Prevention of bacterial endocarditis

Recommendations by the American Heart Association

Authors Dajani A, Taubert K, Wilson W, Bolger A, Bayer A, Ferrieri P, Gewitz M, et al. 
Source JAMA. 277:1794-1801. June 11, 1997. 
Institutions American Heart Association; American Dental Association; Infectious Diseases Society of America; American Academy of Pediatrics; American Society of Gastrointestinal Endoscopy. 
Support American Heart Association. 


Bacterial endocarditis is a potentially life-threatening condition. It results from infection of susceptible (usually previously abnormal) cardiac structures resulting from bacteremia. A number of diagnostic and therapeutic procedures can cause transient bacteremia. Antibiotic prophylaxis at the time of these procedures may thus be able to prevent endocarditis. Although this approach is plausible and has been validated in some animal models, controlled clinical trials in humans have not been performed and are unlikely to be undertaken. In the absence of such trials, recommendations such as those presented here must be based on extensive review of the available evidence. This paper is an update of the AHA committee's 1990 recommendations. 


The presumed benefit of antibiotic prophylaxis depends on the cardiac abnormality for which prophylaxis is being considered and the procedure causing bacteremia. Certain cardiac conditions are more susceptible to endocarditis than others; furthermore, established endocarditis is more dangerous in certain settings (such as prosthetic valves) than others. Both the risk of bacteremia and the likely organisms vary according to the procedure being performed; some organisms are more likely to cause endocarditis than others. 

As a result, the decision whether or not to prophylax and the choice of antibiotics will depend both on the cardiac abnormality and on the procedure (as well as on certain other patient-specific factors). 

Cardiac conditions

Cardiac conditions are classified into high, moderate and negligible risk. The latter category is felt not to require prophylaxis. The principal differences between the high and moderate risk categories lie in the antibiotic regimens recommended for GI and GU procedures, and in whether or not prophylaxis is needed for certain lower-risk procedures. 

  • Negligible risk 

  • These cardiac conditions are felt not to require prophylaxis. 

    • Isolated ostium secundum ASD and surgically repaired ASD, VSD and PDA (beyond 6 months and without sequelae).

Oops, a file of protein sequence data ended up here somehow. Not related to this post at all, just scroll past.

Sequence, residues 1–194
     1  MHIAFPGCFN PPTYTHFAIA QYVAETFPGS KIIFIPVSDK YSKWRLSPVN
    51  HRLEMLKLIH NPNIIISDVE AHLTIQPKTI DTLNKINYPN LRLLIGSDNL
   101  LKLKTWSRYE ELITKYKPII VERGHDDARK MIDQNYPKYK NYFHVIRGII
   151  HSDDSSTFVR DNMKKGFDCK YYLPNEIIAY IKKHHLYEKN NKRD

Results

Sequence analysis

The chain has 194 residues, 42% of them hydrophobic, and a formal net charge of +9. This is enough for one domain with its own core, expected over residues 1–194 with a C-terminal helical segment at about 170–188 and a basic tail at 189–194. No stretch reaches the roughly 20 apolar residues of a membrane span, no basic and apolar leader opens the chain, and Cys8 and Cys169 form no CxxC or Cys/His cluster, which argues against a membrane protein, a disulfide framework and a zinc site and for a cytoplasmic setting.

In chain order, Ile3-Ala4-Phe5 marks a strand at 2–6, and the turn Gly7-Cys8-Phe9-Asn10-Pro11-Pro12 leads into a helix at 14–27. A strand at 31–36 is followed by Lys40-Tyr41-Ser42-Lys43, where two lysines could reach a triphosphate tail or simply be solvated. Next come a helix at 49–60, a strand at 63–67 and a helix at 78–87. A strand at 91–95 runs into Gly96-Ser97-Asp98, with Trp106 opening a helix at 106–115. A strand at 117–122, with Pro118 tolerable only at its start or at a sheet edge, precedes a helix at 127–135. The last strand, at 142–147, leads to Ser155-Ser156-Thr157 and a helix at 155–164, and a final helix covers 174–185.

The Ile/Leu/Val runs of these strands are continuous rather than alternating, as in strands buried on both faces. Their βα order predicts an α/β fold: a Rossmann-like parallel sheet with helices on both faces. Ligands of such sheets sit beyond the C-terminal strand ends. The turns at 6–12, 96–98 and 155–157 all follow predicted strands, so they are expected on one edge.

• Mitral valve prolapse without mitral regurgitation and without thickened leaflets. 
    • Innocent or physiologic murmurs (echo required in the adult population to rule out valvular lesion). 
    • Cardiac pacemakers and defibrillators. 
    • History of isolated bypass surgery, history of Kawasaki disease without valvular dysfunction and history of rheumatic fever without valvular dysfunction. 
  • High risk 

  • These conditions are: 

    • All prosthetic heart valves (including bioprostheses and homografts). 
    • Any history of previous bacterial endocarditis. 
    • Complex cyanotic congenital heart disease and surgically constructed systemic pulmonary shunts. 
  • Moderate risk 

  • Most cardiac conditions requiring prophylaxis will fall into this category. 

    • Congenital cardiac malformations, not falling into the high or negligible risk categories (such as PDA, VSD, ostium primum ASD, bicuspid aortic valve and coarctation). 
    • Acquired valvular heart disease (such as rheumatic heart disease, valvular stenosis and regurgitation). 
    • MVP with regurgitation and/or myxomatous leaflets. 
    • Hypertrophic cardiomyopathy. 
    In the article text is a more detailed description of the issue of mitral valve prolapse, including the significance of valve morphology and audible clicks. The only patients with MVP who are not recommended for prophylaxis are those patients with isolated prolapse, normal appearing leaflets, no doppler evidence of regurgitation and no murmurs (with maneuvers). Patients with MVP and only a systolic click represent a controversial subset and warrant either prophylaxis or a very vigilant search for intermittent regurgitation (doppler and auscultation with maneuvers). The importance of MVP as an etiology for endocarditis in the pediatric age group is stressed. See text for more details. 

Principal recommendations

Procedures requiring prophylaxis